The Richards family had washing ripped from their line while camping north of Orchid Beach over the Easter school holidays.
Father-of-three Tim Richards said dingoes ventured closer than usual this year, expecting to be fed.
“First day we were here and had all our washing out — a bikini, dress and boardshorts went missing and then were ripped up the following morning when we woke up. It’s pretty unusual,” Mr Richards said.
“The next night we had a pack of dingoes roaming around the marquee with the lights off just circling, and circling.
“There were about three to six I think.
“Normally we just have a lone dingo roaming around but they’ve been pretty confident this time.”
‘Don’t feed dingoes’
An increase in close encounters with residents and visitors and the continued feeding of the wild animals has prompted Queensland Parks and Wildlife rangers to close six campgrounds until at least June.
Ranger-in-charge Linda Behrendorff said feeding the animals has led to high-risk situations where people have been bitten, sometimes through no fault of their own.
“It’s quite selfish — they want to get these up-close photos, draw them in by offering food or drawing them closer to their car or even in some instances trying to attract the dingo to pat it,” Ms Behrendorff said.
“I don’t believe they understand the implications of their actions.
“You’re not only putting the dingo at risk, you put yourself at risk and others when you behave in that manner.”
Ms Behrendorff said last year’s bushfires caused some people to believe dingoes needed supplementary food, but that wasn’t required and has caused other issues.
“The average weight of a dingo would be 15 to 16.5 kilograms, these particular animals that aren’t even 12 months old yet are weighing in at around 18 kilograms … that makes them dangerous in these situations,” she said.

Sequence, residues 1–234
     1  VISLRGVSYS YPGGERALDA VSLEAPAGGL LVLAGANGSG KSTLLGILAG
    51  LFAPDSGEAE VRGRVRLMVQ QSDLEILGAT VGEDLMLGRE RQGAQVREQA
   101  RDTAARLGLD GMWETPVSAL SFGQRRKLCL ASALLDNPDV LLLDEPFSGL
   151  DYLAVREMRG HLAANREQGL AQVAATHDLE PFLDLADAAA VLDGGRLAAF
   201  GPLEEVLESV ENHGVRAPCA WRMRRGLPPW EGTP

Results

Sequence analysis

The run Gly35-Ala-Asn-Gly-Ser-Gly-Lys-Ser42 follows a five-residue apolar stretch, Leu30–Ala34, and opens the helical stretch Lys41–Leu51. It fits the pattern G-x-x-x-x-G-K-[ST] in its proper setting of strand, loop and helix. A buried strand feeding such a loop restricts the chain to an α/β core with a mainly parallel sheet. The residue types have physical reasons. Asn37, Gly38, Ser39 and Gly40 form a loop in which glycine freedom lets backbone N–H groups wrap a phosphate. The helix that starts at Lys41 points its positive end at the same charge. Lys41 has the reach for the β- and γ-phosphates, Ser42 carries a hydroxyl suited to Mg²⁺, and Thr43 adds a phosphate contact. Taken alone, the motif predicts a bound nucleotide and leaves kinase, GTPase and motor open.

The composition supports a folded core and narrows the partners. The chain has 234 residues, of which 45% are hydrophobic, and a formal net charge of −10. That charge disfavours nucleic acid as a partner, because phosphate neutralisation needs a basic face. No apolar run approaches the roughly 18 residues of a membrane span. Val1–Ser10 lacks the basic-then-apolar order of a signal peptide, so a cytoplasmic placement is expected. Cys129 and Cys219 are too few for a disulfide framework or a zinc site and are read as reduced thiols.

The warning from QPWS is stay close to your chidlren, camp in a fenced area and don’t feed the dingoes.(ABC News: Nicole Hegarty)
“Dingoes have so much food here that it’s one of the least of their concerns.
“The dingo-safe messaging includes staying close to your kids, camp in a fenced area if you’ve got kids — don’t feed dingoes.”
Two decades since fatal attack … what’s changed?
This month marks the 20th anniversary of Clinton Gage’s death on the island.
The nine-year-old was attacked and killed by two dingoes while walking near a sand blow at Waddy Point in 2001.
Fencing has been increased around camping areas in the two decades since Clinton’s death, but the recent spike in aggressive behaviour has caused renewed debate about balancing the safety of both humans and dingoes.
Mr Richards said his family’s latest experience had taken them by surprise.
“The kids were a little bit scared when they were sleeping,” he said.
“If everyone just left them alone I think they’d leave us alone.
“We sort of just try and ignore them but you see a lot of people getting up close and interacting, which is annoying.”
The Department of Environment and Science said there were on-the-spot fines of $2,088 with a maximum penalty of $10,444 for feeding or disturbing dingoes.
Australia is helping the Indonesian navy search for a submarine that has gone missing off the coast of Bali with 53 people on board.
The country’s military said it was searching the “deep” waters after losing contact with the vessel on Wednesday.
“The KRI Nanggala 402 lost contact early this morning,” said First Admiral Julius Widjojono.
“(The navy) is currently searching for it. We know the area but it’s quite deep.”
The German-made submarine had been conducting a torpedo drill in waters off the northern coast of Bali but failed to relay results as expected, a navy spokesman said.
Indonesia’s Defence Ministry said in a statement that Australia, Singapore and India had responded to requests for assistance.
It said that an aerial search had found an oil spill near the submarine’s dive location and two navy vessels with sonar capability have been deployed to assist in the search.
The oil spill could mean there was damage to the vessel’s fuel tank or could be a signal from the crew, the Indonesian navy said in a statement. The submarine was built to sustain pressure at a maximum depth of around 250 metres, according to an official.
“It is possible that during static diving, a blackout occurred so control was lost and emergency procedures cannot be carried out and the ship falls to a depth of 600-700 metres,” the navy said.